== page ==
Washington Post: D.C. voters should elect a mayor willing to run the schools

Image without a caption

By the Editorial Board

D.C. public schools were in disrepair. Textbooks took forever to move from warehouses to classrooms. New teachers’ paychecks got lost in the system, and daily student attendance went largely untracked. There was no uniform curriculum and no art or music taught in elementary classes. Student test scores lagged far below the national average, and fewer than 10 percent of students performed at grade level.

Those are some of the facts about D.C. schools in 2007, when then-Mayor Adrian M. Fenty (D) persuaded the D.C. Council to transfer control of the public education system from the elected school board to him. Now mayoral control — and the reforms it enabled under three different mayors — are a central issue in D.C.’s upcoming elections for mayor and council.

At a recent Ward 7 forum, D.C. Mayor Muriel E. Bowser (D) said the current structure should stay. Two members of the D.C. Council who are challenging her in the June 21 Democratic primary, At-Large member Robert C. White Jr. and Ward 8 member Trayon White Sr., disagreed, as did fellow mayoral candidate James Butler.

Why on Earth would anyone want a return to a dysfunctional school board, after mayoral control helped transform D.C. schools into some of the country’s fastest-improving schools? Robert White told us he did not necessarily want a return to the school board. Talk about opposing mayoral control, he said, is like talk about defunding police, in that the words should not be taken literally. He said he would appoint a study group to examine all options. Yet, in his answer to a questionnaire from the Washington Teachers’ Union, Mr. White was unequivocal in his support for a school board. “Reestablishing a board,” he wrote, “would allow for the city to have a larger focus on education and closer ties to each community we all serve.”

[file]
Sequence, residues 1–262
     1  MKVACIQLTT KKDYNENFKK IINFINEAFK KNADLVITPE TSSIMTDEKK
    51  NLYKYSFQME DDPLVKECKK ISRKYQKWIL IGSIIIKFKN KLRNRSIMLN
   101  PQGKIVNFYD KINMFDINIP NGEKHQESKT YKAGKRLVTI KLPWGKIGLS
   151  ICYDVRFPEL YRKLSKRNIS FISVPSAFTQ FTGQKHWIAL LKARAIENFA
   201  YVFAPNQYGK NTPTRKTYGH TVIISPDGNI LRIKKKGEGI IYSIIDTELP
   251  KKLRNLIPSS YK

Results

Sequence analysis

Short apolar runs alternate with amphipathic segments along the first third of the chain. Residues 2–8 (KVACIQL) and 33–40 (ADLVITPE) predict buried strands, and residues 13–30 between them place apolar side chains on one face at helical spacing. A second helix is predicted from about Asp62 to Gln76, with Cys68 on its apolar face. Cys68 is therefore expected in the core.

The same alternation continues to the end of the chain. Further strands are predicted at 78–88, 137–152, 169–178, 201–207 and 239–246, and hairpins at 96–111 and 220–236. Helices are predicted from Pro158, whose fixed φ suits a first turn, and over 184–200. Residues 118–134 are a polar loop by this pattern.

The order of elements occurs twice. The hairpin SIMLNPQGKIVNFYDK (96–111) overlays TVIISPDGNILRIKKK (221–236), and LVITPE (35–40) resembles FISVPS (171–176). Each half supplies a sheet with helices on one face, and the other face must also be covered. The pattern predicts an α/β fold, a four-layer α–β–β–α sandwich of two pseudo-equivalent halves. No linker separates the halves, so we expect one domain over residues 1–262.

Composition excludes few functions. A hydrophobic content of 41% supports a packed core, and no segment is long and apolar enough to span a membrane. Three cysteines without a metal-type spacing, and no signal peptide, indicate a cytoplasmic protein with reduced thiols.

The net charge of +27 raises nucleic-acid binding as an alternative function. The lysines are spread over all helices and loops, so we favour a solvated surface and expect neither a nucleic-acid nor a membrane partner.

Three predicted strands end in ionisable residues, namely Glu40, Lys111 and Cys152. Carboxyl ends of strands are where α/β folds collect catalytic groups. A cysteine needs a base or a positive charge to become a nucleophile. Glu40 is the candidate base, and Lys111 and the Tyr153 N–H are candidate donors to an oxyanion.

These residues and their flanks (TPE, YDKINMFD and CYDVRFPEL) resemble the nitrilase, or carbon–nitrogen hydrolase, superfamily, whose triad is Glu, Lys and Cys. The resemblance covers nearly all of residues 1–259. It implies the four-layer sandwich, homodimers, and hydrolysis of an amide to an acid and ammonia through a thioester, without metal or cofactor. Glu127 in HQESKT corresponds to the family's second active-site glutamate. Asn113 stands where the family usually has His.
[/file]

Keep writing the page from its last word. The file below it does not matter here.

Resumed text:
This is obfuscation on an issue that requires clarity. Ending mayoral control and re-empowering an elected school board risks 15 years of improvement. The teachers union, a vociferous opponent of the city’s successful reforms in staffing, curriculum and governance, would regain its outsize influence. Since 2007, there have been increases in student achievement across all student groups, and on the national report card, D.C. has come closer than ever to the national average, with gains in reading and math in the fourth and eighth grades.

The system still faces enormous challenges. Far too many students are still not proficient in reading and math. Black and Latino students lag behind their White peers. Retaining good teachers and principals is a struggle. And the covid-19 pandemic, which separated children from social and academic environments in schools, has set back progress. All the more reason to keep a structure that has worked, instead of returning to the old one that did not. The question should not be whether mayoral control should continue, but who should be the mayor in control of the city’s schools.

Read full story>>>